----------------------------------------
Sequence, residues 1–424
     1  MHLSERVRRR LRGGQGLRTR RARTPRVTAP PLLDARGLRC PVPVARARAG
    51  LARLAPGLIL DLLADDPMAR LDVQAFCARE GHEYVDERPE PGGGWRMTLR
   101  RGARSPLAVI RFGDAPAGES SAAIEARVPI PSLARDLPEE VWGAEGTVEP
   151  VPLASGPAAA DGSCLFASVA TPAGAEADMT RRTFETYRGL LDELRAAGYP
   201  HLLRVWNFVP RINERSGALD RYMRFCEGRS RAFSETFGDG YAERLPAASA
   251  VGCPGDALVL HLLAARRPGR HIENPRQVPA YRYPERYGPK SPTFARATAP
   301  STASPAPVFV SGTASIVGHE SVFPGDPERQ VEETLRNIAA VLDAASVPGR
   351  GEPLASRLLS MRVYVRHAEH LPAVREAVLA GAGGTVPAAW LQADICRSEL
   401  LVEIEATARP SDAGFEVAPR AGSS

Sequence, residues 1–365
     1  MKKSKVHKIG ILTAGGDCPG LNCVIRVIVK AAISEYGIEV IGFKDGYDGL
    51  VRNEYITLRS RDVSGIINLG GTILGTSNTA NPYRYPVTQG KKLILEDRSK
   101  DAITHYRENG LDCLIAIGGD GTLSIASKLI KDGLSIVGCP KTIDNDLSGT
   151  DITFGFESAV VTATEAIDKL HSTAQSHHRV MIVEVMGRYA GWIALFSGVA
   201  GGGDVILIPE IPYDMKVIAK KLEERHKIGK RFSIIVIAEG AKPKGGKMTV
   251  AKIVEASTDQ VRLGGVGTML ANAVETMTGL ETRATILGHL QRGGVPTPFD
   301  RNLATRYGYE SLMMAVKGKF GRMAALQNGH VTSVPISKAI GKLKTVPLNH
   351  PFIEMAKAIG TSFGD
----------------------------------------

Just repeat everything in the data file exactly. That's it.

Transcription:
Sequence, residues 1–424
     1  MHLSERVRRR LRGGQGLRTR RARTPRVTAP PLLDARGLRC PVPVARARAG
    51  LARLAPGLIL DLLADDPMAR LDVQAFCARE GHEYVDERPE PGGGWRMTLR
   101  RGARSPLAVI RFGDAPAGES SAAIEARVPI PSLARDLPEE VWGAEGTVEP
   151  VPLASGPAAA DGSCLFASVA TPAGAEADMT RRTFETYRGL LDELRAAGYP
   201  HLLRVWNFVP RINERSGALD RYMRFCEGRS RAFSETFGDG YAERLPAASA
   251  VGCPGDALVL HLLAARRPGR HIENPRQVPA YRYPERYGPK SPTFARATAP
   301  STASPAPVFV SGTASIVGHE SVFPGDPERQ VEETLRNIAA VLDAASVPGR
   351  GEPLASRLLS MRVYVRHAEH LPAVREAVLA GAGGTVPAAW LQADICRSEL
   401  LVEIEATARP SDAGFEVAPR AGSS

Sequence, residues 1–365
     1  MKKSKVHKIG ILTAGGDCPG LNCVIRVIVK AAISEYGIEV IGFKDGYDGL
    51  VRNEYITLRS RDVSGIINLG GTILGTSNTA NPYRYPVTQG KKLILEDRSK
   101  DAITHYRENG LDCLIAIGGD GTLSIASKLI KDGLSIVGCP KTIDNDLSGT
   151  DITFGFESAV VTATEAIDKL HSTAQSHHRV MIVEVMGRYA GWIALFSGVA
   201  GGGDVILIPE IPYDMKVIAK KLEERHKIGK RFSIIVIAEG AKPKGGKMTV
   251  AKIVEASTDQ VRLGGVGTML ANAVETMTGL ETRATILGHL QRGGVPTPFD
   301  RNLATRYGYE SLMMAVKGKF GRMAALQNGH VTSVPISKAI GKLKTVPLNH
   351  PFIEMAKAIG TSFGD